August 4, 2008
Building to the next level: Fellows define engaged scholarship
By BEVERLY Clark
It’s a quiet summer evening on campus, but learning is not at a lull for 11 Emory students who are listening with rapt attention to the director of Hope House as she describes the comprehensive residential program in downtown Atlanta for homeless men with substance abuse issues.
The presentation is part of a weekly series of dinners for Emory’s 2008 class of Community Building and Social Change Fellows, where they get to interact directly with metro Atlanta’s community leaders, politicians and nonprofit workers. The talks are a piece of the students’ yearlong intensive immersion in community building.
The fellowship, a national model for engaged learning programs, ends with 11 weeks’ worth of summer work that defines what engaged scholarship can mean for Emory students.
The fellows represent a snapshot of Emory’s diverse undergraduate population, with wide-ranging backgrounds and career aspirations. But together this past year, the fellows have busted through “the Emory bubble,” as they describe it. They have ventured — literally and figuratively — far beyond the confines of the classroom.
Working in three separate teams, the students were dispersed around metro Atlanta this summer to help community organizations address complicated issues around housing, education, crime and social services. They are in areas where the effects of poverty — and the challenges to affect change — are not ideas in the classroom but real and in the flesh.
In the Mechanicsville community, located in the shadow of Turner Field, fellows are evaluating the effectiveness of an early childhood education and family support program called PAT (Parents as Teachers) for Enterprise Community Partners.
“I’ve been able to see firsthand the frustrations and the barriers the parent educators face daily, but also the tremendous rewards when you see the program making a difference in the lives of a mom and her 3-year-old child,” says Tiffany McDonald, a senior involved with the PAT project who hopes to work on public education policy in her home state of Mississippi.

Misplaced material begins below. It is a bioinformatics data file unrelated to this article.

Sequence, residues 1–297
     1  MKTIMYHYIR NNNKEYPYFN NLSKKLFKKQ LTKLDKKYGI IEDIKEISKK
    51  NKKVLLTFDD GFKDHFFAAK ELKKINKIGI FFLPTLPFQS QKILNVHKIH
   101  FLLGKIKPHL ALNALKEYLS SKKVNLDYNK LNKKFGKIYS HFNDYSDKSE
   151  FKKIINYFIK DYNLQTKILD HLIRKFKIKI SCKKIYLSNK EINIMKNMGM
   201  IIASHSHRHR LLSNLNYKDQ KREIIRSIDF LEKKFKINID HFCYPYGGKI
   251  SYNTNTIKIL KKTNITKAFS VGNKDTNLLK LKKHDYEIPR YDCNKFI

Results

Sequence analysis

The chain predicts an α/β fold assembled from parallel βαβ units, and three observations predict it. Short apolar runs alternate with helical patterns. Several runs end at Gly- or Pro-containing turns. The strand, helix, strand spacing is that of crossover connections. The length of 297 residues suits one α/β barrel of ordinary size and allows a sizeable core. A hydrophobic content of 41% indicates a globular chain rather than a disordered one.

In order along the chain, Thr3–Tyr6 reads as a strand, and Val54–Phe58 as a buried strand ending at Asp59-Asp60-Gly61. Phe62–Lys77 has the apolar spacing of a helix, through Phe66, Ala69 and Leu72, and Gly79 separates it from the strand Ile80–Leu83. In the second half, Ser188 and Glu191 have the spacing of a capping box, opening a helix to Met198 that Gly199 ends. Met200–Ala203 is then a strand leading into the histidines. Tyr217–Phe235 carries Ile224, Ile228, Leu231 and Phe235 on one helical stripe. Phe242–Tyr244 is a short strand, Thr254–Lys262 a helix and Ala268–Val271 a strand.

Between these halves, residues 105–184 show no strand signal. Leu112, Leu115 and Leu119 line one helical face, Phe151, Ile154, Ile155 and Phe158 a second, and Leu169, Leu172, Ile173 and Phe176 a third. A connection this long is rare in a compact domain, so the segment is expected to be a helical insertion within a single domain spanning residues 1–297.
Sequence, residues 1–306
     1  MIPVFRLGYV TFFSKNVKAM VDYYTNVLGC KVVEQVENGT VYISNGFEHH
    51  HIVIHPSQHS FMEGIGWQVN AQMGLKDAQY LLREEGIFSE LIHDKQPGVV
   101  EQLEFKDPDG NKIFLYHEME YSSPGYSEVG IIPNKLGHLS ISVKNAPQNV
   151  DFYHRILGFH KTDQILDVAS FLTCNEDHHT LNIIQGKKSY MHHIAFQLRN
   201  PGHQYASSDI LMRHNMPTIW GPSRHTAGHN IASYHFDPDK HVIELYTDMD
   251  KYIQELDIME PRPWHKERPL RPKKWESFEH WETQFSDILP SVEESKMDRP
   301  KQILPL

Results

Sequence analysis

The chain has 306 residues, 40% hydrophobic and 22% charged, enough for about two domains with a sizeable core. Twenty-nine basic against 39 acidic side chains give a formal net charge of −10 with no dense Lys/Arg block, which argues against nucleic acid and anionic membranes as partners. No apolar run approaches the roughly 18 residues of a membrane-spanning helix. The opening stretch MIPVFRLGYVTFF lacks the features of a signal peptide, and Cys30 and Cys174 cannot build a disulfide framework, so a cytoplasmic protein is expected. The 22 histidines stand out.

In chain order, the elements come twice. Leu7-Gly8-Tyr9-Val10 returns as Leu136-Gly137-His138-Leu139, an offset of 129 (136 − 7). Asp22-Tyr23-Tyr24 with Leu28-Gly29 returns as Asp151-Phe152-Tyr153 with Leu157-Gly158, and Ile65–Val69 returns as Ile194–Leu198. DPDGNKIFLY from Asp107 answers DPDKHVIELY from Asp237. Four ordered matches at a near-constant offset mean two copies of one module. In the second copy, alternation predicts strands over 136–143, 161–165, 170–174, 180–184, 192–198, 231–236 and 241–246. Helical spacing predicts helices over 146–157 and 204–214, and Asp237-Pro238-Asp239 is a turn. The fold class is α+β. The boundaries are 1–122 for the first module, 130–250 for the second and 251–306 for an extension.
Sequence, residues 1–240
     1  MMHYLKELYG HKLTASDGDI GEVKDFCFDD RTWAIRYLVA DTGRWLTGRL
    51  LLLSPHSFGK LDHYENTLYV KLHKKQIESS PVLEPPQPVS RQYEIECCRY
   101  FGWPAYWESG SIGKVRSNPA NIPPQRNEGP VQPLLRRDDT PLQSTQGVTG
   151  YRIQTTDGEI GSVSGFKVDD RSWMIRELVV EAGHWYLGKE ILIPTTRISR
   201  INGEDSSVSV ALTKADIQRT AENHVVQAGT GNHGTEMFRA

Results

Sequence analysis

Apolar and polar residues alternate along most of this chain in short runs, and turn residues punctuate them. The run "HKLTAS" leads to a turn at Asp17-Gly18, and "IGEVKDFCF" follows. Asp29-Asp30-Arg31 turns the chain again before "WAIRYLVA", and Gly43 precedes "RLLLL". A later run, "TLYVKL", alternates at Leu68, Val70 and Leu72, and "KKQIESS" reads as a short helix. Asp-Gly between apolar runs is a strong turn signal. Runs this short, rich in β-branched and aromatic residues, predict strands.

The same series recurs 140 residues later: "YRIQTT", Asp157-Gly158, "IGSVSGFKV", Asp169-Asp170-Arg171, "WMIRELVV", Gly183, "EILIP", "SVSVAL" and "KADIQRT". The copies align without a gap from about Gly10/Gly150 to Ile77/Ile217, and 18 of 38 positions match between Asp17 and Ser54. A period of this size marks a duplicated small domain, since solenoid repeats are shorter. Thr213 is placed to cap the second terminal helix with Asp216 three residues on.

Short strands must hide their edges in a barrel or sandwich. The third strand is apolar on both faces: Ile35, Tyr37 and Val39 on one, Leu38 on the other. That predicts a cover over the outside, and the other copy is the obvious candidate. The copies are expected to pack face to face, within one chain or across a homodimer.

The 12-month fellowship “has exceeded my expectations,” says Shari Sprosta, a rising senior whose team is working in the Edgewood neighborhood with the Mayson Avenue Cooperative to survey and evaluate the effects of the relocation of public housing residents from Edgewood to neighborhoods around Atlanta.
“Instead of saying I want to change the world, I can now say I know how to change the world,” Sprosta says. “What I have learned is so invaluable, and has made me even more passionate about becoming a lawyer to work on social change, public policy and justice.”
Most of the fellows were already dedicated volunteers, but the fellowship “allows us to take that volunteerism to the next level,” says Sprosta’s teammate, Yane Park.
This summer, the students are building on the work of past fellows by collaborating with previous partners or working in neighborhoods where the Office of University-Community Partnerships already has a presence. That deepens Emory’s commitment and role in these communities, says Sam Engle, senior associate director of OUCP. (The third team is working in English Avenue to the west of downtown to help the city of Atlanta launch a federal “Weed and Seed” initiative in the neighborhood to reduce crime and build community.)
Results of past fellows’ work include the completion of 22 projects that have produced policy change, new programs and entities, and funding for projects. Fellows also have expanded the capacity of existing community initiatives to effectively address issues such as HIV/AIDS, affordable housing, public education quality, urban sprawl, citizen engagement and more.
OUCP is in the midst of a comprehensive survey of fellowship alumni to assess the impact of the program on their lives now, and in turn, assess how the program is contributing toward Emory’s comprehensive initiative to prepare students to be engaged scholars with the critical thinking skills, hands-on experience and ethical leadership development to make a difference in their communities.
Overall, the fellows’ work is serious and invaluable to the community organizations and to the development of the students, says Kate Grace, director of the fellowship. “This program provides our communities with the resources necessary to better serve their residents while also offering a wide range of skill-building opportunities to our future leaders.”